to avoid all confusion in what will be said upon [noses], . . . it may not be amiss to explain my own meaning, and define with all possible exactness and precision. . . . In books of strict morality and close reasoning, such as this . . . depending so much as I have done, all along, upon the cleanliness of my reader’s imaginations. (III.xxxi/177-78)Then, following “Eugenius[’s]” forefinger pointing (pointedly) at the word “Crevice, in the fifty-second page of the second volume of this book of books,” and a discussion of “two roads, . . . a dirty and a clean one,” Shandy presents a baroque, paragraph-long tautology, crowned with: “I declare, by that word I mean a Nose, and nothing more, or less” (III.xxxi/178). This circumlocution actually does “avoid all confusion” and does “define” meaning, firing the reader’s imagination, in the same way as, nine pages later, “a long nose . . . will do excellently well, ad excitandum focum, (to stir up the fire)” (III.xxxvii/187). Essentially winking from behind his equivocation, Shandy knows quite well how clean his readers’ imaginations are, and he rubs their noses in the truth of the matter.7
“Fair and softly, gentle reader!-----where is thy fancy carrying thee? . . . What a life of it has an author, at this pass!” (III.xxxiii/180). And again, Mrs. Shandy, passes by the parlor door and hears the word “wife,” which “caught her by the weak part of the whole sex:——You shall not mistake me,—I mean her curiosity” (V.xii/303).In some instances, Sterne further emphasizes double entendre with ostentatious typography. “The chamber-maid had left no ******* *** under the bed:——Cannot you contrive, master, quoth Susannnah, lifting up the sash . . . cannot you manage . . . to **** *** *** ******?” (V.xvii/310). The context leaves no possible meaning other than chamber pot, for the first series of asterisks, and piss out the window for the second. In another passage, the asterisks’ meaning seems more elliptical, and yet: “He died, said my father, as * * * * * * * * * * * * *——And if it was with his wife, said my uncle Toby–—there could be no harm in it.—–That’s more than I know—–replied my father” (V.iv/294). Uncle Toby’s remark about “wife” and “no harm” fires the imagination, and Walter Shandy’s reply fans the flames: his singular disdain for sex makes his reply ambiguous—it could refer to either “was with his wife,” or “no harm in it.” The ambiguity creates a focus, bringing the reader back to further examine the otherwise innocuous thirteen asterisks. A catalogue of double entendre in Tristram Shandy would make a small book, in itself.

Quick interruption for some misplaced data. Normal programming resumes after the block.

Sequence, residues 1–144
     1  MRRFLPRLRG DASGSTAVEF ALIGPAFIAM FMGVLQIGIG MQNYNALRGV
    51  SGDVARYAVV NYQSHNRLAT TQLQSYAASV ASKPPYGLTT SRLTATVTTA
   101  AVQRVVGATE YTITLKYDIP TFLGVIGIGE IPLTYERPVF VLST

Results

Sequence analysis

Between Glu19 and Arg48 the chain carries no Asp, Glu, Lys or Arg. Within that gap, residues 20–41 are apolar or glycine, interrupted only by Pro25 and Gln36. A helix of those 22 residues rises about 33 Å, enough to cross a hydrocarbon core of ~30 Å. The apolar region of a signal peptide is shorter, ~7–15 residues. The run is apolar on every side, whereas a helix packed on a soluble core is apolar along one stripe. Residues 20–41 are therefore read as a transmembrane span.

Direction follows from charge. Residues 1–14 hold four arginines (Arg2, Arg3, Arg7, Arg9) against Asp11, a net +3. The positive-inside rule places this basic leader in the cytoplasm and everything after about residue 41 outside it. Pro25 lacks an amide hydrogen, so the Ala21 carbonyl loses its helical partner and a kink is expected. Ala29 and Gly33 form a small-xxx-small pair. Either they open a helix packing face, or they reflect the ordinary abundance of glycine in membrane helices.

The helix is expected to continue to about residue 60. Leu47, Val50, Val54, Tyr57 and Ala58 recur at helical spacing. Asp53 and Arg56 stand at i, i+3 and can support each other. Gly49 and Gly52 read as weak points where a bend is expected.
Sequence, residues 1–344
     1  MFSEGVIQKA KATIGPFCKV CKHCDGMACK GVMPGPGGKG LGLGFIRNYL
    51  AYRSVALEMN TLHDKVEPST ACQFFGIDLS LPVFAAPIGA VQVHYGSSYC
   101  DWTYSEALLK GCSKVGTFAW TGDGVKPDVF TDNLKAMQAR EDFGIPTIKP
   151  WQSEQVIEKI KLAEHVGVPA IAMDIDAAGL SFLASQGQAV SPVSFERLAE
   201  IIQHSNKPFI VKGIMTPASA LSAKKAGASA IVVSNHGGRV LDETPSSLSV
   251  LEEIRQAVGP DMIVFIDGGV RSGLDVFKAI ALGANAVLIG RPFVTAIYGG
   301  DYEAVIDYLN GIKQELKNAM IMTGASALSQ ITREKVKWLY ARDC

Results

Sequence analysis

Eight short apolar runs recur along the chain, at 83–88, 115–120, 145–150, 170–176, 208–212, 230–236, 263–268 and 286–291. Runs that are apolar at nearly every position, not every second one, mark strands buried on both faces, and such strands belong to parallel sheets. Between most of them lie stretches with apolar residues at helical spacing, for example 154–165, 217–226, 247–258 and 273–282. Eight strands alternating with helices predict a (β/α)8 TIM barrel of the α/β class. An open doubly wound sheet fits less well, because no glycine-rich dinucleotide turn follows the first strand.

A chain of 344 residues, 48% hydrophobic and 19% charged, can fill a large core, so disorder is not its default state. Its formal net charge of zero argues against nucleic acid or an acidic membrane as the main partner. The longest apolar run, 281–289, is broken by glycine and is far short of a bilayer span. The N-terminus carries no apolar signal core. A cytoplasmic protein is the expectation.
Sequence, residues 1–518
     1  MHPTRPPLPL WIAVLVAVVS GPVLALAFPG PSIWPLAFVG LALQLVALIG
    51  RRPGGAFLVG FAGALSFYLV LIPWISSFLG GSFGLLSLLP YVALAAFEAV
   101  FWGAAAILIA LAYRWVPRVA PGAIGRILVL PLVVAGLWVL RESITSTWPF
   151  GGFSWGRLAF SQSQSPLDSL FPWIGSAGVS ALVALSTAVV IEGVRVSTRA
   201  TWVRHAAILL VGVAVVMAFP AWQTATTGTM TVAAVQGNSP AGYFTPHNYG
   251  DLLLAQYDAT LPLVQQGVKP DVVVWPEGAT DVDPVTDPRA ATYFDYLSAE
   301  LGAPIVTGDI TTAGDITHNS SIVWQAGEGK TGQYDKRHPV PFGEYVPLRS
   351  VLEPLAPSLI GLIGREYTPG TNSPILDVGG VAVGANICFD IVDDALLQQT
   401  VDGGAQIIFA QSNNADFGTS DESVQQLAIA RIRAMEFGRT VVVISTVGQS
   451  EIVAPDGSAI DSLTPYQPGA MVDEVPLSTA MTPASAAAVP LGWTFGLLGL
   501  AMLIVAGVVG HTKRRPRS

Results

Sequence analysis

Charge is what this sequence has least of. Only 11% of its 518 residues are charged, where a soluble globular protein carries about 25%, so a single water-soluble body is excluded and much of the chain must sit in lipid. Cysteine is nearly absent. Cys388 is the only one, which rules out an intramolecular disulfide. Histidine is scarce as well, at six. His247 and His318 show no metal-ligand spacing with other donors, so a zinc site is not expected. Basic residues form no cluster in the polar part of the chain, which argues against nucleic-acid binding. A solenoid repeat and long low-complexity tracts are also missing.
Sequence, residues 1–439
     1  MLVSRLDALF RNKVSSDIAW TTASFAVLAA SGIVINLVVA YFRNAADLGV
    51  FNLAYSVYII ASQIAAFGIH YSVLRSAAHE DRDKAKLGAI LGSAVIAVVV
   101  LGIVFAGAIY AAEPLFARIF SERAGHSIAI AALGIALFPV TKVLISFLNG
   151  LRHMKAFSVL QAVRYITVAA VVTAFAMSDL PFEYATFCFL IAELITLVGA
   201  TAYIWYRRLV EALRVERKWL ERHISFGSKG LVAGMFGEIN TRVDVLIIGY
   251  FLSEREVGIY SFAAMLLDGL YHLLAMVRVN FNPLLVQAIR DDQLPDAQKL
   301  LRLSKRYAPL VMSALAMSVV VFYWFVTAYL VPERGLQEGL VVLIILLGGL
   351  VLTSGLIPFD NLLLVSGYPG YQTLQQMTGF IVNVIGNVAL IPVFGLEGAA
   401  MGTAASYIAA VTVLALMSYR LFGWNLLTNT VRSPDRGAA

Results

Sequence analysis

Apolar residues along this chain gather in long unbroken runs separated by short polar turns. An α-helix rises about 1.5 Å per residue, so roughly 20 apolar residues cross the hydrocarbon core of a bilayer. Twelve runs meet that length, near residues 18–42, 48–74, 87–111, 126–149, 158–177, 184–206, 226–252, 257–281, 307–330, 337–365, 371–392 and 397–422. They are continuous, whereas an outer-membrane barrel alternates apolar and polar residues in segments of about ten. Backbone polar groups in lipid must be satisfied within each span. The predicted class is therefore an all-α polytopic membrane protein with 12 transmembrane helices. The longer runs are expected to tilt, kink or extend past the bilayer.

7 When William Warburton, Bishop of Gloucester complains of Tristram Shandy’s indelicacy, exhorting Sterne to write appropriately, as “where priests and virgins may be present,” Sterne scorns Warburton’s concerns (Curtis 119). Sterne probably would have included Warburton in the novel, as a comic foil, except for ‘friendly persuasion’ by third parties (New 120).